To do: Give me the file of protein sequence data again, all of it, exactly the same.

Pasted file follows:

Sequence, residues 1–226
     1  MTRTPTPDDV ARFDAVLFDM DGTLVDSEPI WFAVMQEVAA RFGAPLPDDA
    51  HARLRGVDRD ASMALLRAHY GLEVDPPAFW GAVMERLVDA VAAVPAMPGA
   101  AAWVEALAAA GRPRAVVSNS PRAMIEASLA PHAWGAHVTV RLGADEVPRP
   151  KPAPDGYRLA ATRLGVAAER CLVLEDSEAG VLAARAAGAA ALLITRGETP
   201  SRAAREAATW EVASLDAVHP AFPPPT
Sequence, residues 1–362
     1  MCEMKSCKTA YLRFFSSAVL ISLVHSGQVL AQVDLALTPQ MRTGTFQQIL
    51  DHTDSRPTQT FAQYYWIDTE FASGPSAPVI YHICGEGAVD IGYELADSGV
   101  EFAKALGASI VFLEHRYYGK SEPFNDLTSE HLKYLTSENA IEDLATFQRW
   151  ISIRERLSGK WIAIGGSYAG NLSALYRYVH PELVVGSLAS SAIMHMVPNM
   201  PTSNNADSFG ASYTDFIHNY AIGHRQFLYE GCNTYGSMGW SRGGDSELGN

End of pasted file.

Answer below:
Sequence, residues 1–226
     1  MTRTPTPDDV ARFDAVLFDM DGTLVDSEPI WFAVMQEVAA RFGAPLPDDA
    51  HARLRGVDRD ASMALLRAHY GLEVDPPAFW GAVMERLVDA VAAVPAMPGA
   101  AAWVEALAAA GRPRAVVSNS PRAMIEASLA PHAWGAHVTV RLGADEVPRP
   151  KPAPDGYRLA ATRLGVAAER CLVLEDSEAG VLAARAAGAA ALLITRGETP
   201  SRAAREAATW EVASLDAVHP AFPPPT
Sequence, residues 1–362
     1  MCEMKSCKTA YLRFFSSAVL ISLVHSGQVL AQVDLALTPQ MRTGTFQQIL
    51  DHTDSRPTQT FAQYYWIDTE FASGPSAPVI YHICGEGAVD IGYELADSGV
   101  EFAKALGASI VFLEHRYYGK SEPFNDLTSE HLKYLTSENA IEDLATFQRW
   151  ISIRERLSGK WIAIGGSYAG NLSALYRYVH PELVVGSLAS SAIMHMVPNM
   201  PTSNNADSFG ASYTDFIHNY AIGHRQFLYE GCNTYGSMGW SRGGDSELGN